Onboarding New Employees: A Few Keys for Success

by Frank Peditto 1. September 2011 10:07
Starting a new job is never an easy task. It’s a daunting one for the employer as well as the new employee. Over the past year, we have increased our overall team by more than 25 percent and, while our team is thrilled to be growing, especially in the current economy, our growth has forced our leadership team to take a closer look at our onboarding processes.

While many large organizations have entire teams dedicated to onboarding, in many small and mid-sized companies the responsibility falls on the leadership team and a secondary team of pre-identified trainers. Needless to say there are a variety of tools, top 10 tips, videos, white papers, checklists and more available online about onboarding, but, being a company reliant on our service and our professional team, we have found it more successful to build our own plan.

Over the past several months our plan has evolved as each new employee has joined our team. We have paid close attention to the individual, their background, and their new responsibilities to not only reinforce a positive integration into the ReloTrans business, culture and team, but also to ask them and the onboarding team for feedback and ideas on how to improve the process for the next new team member. We have even included new team members in our onboarding process as more employees join our organization.

Even with our plan evolving over time, there are a few basic keys to success that have worked for our organization.

  • Communicate with the new employee prior to their start day providing them with:
    • Who they will be asking for when they arrive, where to go, and what time to be there
    • A high-level schedule of first week activities
    • If provided, a benefits package so that they may review in advance and come in with either completed forms or specific questions
    • The dress code and a bit about the corporate culture of the organization
  • In advance of their first day ensure that:
    • They have functional phone and email
    • Their desk is prepared and supplied with basic office supplies, business cards, and a welcome card from the team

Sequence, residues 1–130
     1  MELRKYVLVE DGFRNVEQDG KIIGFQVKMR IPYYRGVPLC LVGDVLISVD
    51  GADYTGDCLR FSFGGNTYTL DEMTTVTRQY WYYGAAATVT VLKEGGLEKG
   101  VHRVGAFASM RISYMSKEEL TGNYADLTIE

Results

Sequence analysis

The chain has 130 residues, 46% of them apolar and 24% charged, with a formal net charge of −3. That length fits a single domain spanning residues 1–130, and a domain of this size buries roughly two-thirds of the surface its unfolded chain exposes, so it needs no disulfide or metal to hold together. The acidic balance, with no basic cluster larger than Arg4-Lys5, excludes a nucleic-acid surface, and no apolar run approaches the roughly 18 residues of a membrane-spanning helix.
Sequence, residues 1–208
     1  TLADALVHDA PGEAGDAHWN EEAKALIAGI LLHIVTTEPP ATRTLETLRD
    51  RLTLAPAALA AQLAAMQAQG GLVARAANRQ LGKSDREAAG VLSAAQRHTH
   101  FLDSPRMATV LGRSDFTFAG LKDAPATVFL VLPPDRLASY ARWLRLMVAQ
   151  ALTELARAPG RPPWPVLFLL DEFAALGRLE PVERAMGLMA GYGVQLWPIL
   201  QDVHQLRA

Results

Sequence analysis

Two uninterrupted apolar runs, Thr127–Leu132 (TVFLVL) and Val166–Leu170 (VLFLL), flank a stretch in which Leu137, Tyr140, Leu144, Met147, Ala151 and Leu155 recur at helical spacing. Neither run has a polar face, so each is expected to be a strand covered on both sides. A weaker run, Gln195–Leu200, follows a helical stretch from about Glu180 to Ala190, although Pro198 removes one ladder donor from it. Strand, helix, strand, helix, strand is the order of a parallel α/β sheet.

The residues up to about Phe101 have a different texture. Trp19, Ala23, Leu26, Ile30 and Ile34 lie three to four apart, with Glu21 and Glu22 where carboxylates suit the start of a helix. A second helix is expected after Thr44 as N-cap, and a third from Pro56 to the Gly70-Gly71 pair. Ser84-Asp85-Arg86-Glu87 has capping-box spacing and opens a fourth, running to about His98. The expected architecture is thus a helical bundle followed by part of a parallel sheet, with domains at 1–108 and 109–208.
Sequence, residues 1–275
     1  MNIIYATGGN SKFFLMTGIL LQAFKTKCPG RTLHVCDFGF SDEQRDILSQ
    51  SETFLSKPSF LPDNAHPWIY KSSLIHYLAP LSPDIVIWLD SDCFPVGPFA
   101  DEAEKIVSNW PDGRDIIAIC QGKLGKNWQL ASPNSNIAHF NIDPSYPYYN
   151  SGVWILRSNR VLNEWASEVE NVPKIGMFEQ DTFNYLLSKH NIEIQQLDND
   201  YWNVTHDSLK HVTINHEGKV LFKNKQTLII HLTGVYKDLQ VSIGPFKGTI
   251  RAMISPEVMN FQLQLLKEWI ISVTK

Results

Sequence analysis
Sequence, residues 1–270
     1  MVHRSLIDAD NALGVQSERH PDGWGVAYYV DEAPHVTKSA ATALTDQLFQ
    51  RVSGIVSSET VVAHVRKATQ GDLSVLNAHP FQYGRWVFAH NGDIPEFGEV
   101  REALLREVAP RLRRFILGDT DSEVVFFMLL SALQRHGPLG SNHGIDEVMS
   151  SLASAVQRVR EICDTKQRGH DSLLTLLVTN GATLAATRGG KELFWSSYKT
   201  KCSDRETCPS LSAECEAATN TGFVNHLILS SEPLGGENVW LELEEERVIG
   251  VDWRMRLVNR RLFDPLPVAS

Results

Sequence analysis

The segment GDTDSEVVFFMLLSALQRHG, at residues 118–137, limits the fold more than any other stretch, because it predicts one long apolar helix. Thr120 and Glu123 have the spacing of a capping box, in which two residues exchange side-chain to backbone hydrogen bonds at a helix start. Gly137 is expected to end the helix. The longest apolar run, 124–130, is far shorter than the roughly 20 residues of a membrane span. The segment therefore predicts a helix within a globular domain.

• The onboarding team is succinct with who is doing what and when; a calendar is helpful
    • Their immediate working team understands the challenges faced being a new employee and is well-versed in offering lengthier explanations etc. (for example, if your organization or industry uses a lot of acronyms, having those explained)
  • On their first day:
    • Everyone knows their roles and responsibilities for onboarding
    • A tour is provided with initial introductions
    • Lunch is planned
    • A leader is checking-in periodically throughout the day
  • Throughout their first month:
    • Leaders are checking-in and ensuring that they are on track in terms of both knowledge and comfort
    • Additional social events are scheduled; getting to know new team members is critical to the synergy of the team, especially in a smaller organization
    • Feedback is requested from both the onboarding team and the new team member
      • What went well, what can be improved, and what was missing
  • Ongoing:
    • Support is offered
    • Positive reinforcement is provided when earned
    • Feedback is requested

While some of these ‘keys’ are practices that we should have with all team members, in busy times, they are often lost. Onboarding is also a great time to bring your team together and offer others the change to re-train or refresh certain skills.


About the author

As the President of ReloTrans, Frank Peditto is responsible for the vision and growth strategy of the company as well as overall leadership. A veteran of the transportation and logistics fields, Frank possesses more than eighteen years of leadership and thirty years of customer service experience.